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Setting up

  1. install certbot on your server
  2. install openssl on your server if it is not already
  3. determine a HTTP fulcrum to use, usually the urn:org:netkernel:fulcrum:frontend is a good choice
  4. expand fulcrum jar to a filesystem directory if it is currently deployed as jar
  5. uncomment sslHttpConfig, sslContextFactory, and sslConnector in /etc/HTTPServerConfig.xml as described in Configuring SSL.
  6. create a letsencrypt.xml file in the install/etc/ directory of your NetKernel installation with the form described below.
  7. click deploybutton on control panel Extras > Let's Encrypt.

<config>
  <fulcrum>urn:org:netkernel:fulcrum:frontend</fulcrum>
  <hostingImportHook>HTTPFulcrumInsecure</hostingImportHook>
  <domains>mydomain.com,www.mydomain.com</domains>
  <contactEmail>webmaster@mydomain.com</contactEmail>
</config>

Other steps/considerations

  1. HTTPS certificates require a domain name and DNS entry. This can be tricky on a development machine though you can do it an entry in /etc/hosts in Linux/MacOS.
  2. Best practice is to use a firewall to map 80 to 8080 and 443 to 8443. This avoids NetKernel running as root but does require some setup.

Config fields

  • fulcrum - the URI of the module hosting the HTTP server (the fulcrum)
  • hostingImportHook - your fulcrum should contain a dynamic import and this field must match the configured type. This is used to allow the HTTP server to host the transient secrets used in the certificate negotiation.
  • domains - a comma separated list of the hosted domains to provide obtain certificates for
  • contactEmail - a condition of using the Let's encrypt service is that you agree to it's terms of service, by providing your email you are agreeing.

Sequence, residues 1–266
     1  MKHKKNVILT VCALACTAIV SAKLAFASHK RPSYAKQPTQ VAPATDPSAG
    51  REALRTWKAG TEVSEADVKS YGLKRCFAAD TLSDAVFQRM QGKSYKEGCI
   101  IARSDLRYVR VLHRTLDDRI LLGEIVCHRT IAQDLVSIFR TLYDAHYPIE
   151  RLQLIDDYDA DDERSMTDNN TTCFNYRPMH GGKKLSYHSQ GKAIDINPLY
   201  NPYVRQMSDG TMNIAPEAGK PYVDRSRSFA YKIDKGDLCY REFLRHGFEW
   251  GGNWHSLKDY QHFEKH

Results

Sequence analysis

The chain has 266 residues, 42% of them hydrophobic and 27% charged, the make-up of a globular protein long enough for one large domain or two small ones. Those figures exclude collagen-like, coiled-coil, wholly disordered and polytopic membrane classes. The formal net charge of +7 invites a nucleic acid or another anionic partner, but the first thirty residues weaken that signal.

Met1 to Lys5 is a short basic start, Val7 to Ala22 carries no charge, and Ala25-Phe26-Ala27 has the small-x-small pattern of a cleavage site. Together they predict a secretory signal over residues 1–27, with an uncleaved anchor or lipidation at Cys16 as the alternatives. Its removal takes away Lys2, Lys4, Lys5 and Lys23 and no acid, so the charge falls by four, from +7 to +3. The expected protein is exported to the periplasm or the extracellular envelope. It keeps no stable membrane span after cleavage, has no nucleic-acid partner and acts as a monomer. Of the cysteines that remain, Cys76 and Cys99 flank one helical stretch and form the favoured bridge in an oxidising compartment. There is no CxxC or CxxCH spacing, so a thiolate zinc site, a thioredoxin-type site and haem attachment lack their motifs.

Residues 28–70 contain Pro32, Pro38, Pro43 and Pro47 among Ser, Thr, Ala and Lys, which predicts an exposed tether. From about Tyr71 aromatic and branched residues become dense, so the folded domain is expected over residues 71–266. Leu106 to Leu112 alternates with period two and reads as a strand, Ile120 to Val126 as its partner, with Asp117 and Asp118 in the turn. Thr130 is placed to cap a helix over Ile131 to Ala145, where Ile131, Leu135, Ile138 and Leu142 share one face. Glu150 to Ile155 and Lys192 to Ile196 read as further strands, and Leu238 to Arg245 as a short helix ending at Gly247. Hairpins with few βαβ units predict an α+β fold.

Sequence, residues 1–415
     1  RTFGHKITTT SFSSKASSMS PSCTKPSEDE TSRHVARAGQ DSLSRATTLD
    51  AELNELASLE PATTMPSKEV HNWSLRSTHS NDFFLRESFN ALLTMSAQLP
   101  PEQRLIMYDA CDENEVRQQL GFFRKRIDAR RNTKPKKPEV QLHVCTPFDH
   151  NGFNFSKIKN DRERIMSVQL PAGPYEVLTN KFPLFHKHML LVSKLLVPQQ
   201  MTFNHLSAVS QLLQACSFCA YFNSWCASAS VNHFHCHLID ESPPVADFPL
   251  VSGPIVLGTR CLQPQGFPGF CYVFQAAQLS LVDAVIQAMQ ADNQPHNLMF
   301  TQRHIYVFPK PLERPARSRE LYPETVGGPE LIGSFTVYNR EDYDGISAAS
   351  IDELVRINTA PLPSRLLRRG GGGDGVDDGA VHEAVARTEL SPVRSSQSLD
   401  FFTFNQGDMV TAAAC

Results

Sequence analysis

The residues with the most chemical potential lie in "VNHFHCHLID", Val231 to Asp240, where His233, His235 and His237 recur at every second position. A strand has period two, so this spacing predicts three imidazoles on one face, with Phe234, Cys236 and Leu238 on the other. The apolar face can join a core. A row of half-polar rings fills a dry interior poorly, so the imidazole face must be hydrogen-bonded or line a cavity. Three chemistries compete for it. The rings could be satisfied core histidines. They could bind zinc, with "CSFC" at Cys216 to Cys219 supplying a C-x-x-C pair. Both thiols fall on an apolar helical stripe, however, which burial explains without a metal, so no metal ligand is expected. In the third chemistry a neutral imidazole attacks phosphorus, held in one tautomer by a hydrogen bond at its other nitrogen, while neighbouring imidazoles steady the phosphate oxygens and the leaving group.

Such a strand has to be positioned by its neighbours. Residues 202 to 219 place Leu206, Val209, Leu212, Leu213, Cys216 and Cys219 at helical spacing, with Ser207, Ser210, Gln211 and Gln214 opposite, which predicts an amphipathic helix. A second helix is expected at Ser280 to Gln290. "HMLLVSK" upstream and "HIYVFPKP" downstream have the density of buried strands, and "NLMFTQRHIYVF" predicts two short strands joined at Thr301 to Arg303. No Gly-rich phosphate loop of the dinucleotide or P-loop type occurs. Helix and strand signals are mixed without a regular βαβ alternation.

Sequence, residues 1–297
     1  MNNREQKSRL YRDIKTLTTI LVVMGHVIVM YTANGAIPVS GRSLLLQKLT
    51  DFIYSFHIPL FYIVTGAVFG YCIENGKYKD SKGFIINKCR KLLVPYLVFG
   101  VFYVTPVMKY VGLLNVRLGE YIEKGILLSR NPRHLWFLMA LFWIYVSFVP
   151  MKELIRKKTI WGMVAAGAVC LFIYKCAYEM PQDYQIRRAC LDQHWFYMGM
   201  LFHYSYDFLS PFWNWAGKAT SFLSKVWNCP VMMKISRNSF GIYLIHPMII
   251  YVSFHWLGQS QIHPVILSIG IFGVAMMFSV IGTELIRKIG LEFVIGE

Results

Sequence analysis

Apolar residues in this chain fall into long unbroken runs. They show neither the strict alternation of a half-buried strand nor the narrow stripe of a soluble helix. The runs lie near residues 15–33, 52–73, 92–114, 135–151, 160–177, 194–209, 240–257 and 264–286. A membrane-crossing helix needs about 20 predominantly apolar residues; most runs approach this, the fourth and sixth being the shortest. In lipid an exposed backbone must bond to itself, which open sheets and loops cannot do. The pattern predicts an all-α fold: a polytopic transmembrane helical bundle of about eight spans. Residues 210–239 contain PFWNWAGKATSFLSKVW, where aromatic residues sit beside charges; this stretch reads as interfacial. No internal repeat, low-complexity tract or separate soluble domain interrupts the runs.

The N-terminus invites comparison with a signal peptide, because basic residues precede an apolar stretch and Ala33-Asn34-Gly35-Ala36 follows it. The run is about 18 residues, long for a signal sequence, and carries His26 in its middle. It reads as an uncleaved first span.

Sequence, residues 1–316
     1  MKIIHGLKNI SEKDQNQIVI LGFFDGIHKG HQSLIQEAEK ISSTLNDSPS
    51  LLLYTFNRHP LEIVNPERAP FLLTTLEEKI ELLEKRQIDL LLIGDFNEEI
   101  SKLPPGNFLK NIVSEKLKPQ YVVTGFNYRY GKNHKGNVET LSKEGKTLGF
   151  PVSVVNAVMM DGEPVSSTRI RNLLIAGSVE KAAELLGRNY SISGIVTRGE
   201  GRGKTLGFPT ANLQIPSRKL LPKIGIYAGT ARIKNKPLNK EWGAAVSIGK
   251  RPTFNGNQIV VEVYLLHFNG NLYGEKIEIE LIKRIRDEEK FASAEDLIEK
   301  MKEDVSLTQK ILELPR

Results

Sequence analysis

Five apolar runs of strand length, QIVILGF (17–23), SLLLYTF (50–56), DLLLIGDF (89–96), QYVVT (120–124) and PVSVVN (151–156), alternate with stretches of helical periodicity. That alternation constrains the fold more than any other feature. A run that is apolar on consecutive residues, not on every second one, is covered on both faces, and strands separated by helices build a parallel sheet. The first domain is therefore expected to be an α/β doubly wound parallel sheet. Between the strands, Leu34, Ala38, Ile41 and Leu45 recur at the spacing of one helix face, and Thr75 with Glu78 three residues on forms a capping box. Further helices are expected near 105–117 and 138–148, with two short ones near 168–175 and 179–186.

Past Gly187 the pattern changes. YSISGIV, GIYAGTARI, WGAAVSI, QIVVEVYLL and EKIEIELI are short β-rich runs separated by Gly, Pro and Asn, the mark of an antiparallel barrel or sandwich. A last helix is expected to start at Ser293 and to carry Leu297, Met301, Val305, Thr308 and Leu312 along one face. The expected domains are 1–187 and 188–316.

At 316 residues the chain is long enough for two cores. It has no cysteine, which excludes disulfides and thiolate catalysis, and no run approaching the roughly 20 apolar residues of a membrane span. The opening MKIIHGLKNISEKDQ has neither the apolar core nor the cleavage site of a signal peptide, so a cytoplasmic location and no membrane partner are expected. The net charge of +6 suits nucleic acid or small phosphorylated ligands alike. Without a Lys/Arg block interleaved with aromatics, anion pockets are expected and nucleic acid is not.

If you change the domains field to support more, or less, or different domains then it is best to delete the [ install ]/letsencrypt/ directory and start fresh - otherwise LetsEncrypt gets confused about the conflict and fails.

How it works

This module creates a space that makes your web server host a directory containing secrets files that Let's Encrypt creates. Let's Encrypt's server look for these files on port 80 of your hosted domain and uses them to verify that you actually own and control the contents on it's server.

Once Let's Encrypt trusts your server to be who you say it is, it will generate an X509 certificate for you. This tool uses openssl to convert that certificate into a java keystore with a random password. The keystore is then registered in the fulcrums HTTPServerConfig.xml. After updating the configuration the HTTP server is restarted to pick up the new certificate.

Because Let's Encrypt certificates only last for 90 days they must be renewed frequently. This module provides a CRON job which runs every day to see if a new certificate needs generating. When it does it will be automatically deployed.

Certbot runs not as root; because of this it requires some filesystem directories as working space. These are located inside the netkernel install directory [ install ]/letsencrypt/. Deleting this directory will reset Let's Encrypt back to factory state.